Canada launched the Vancouver Principles (VP) on Peacekeeping and the Prevention of the Recruitment and Use of Child Soldiers on 15 November 2017 at the UN Peacekeeping Defence Ministerial in Vancouver, British Columbia. The purpose of the VPs is to prioritize and further operationalize child protection within UN peacekeeping with a focus on preventing the recruitment and use of child soldiers. Subsequently, in July 2019 Canada launched the Implementation Guidance for the Vancouver Principles (IGVPs) which articulates the importance of each Principle and presents practical suggestions for how they can be implemented. The resources provided here are offered by the Dallaire Centre of Excellence for Peace and Security in support of Principles 16 (Best Practices) and 17 (Further Guidance).
In support of these Calls to Action, the Gender Advisor and Gender Focal Point Network of the Canadian Defence Academy has worked in collaboration with the CFC Information Resource Centre and Indigenous Advisor and the Indigenous Technical Network of the Canadian Defence Academy to compile this Learning Resource Guide that offers publications and tools accessible through the Canadian Armed Forces Virtual Library. The Guide was developed to help center and support Indigenous learning and reconciliation within the context of professional military education. It is intended to be a co-constructed reference point of available resources and is intended to be evergreen.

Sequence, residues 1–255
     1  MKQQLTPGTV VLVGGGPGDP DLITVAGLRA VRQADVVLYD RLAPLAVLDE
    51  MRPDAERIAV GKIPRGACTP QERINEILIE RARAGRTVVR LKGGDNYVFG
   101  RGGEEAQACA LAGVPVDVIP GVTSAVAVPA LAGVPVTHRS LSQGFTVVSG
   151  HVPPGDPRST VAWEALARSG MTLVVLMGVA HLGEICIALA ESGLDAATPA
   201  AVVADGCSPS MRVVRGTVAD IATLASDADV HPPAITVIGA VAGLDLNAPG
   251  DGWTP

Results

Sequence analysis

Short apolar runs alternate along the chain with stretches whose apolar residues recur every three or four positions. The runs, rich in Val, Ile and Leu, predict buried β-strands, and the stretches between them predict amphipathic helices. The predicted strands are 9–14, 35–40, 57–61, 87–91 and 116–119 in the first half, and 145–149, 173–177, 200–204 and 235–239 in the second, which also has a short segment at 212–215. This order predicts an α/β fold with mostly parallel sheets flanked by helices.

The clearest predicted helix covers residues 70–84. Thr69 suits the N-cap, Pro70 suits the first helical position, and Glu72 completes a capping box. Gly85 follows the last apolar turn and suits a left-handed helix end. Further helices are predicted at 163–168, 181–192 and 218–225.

The Canadian Defence Academy’s Dallaire Centre of Excellence for Peace and Security is pleased to share the “Mainstreaming Gender Perspectives in Operations” curriculum framework. The curriculum framework was developed in support of the (former) Chief of the Defence Staff's desire to deliver a series of pragmatic initiatives during his tenure as Chair of the Women, Peace and Security Chiefs of Defence Staff Network. The nine-part modularized framework was designed to close a gap in Women, Peace and Security and gender perspectives education opportunities for non-commissioned members and junior officers. The curriculum framework includes a repertoire of hands-on activities, exercises, and scenarios that can be tailored to the operating contexts and cultures of international military members across all levels and ranks, as demonstrated during a ‘Train the Trainer’ session delivered to educators from within the Iraqi Defence University for Higher Military Studies and Ministerial Training and Development Centre in support of NATO Mission Iraq. It can be delivered in whole or in part, based on the needs of the learning audience and includes a Trainer’s Guide with suggested speaking notes and recommendations for facilitators. A special thank you to those who contributed to this important educational product, particularly members of the Directorate of Gender Equality and Intersectional Analysis and members of the Ambassador for Women, Peace and Security team.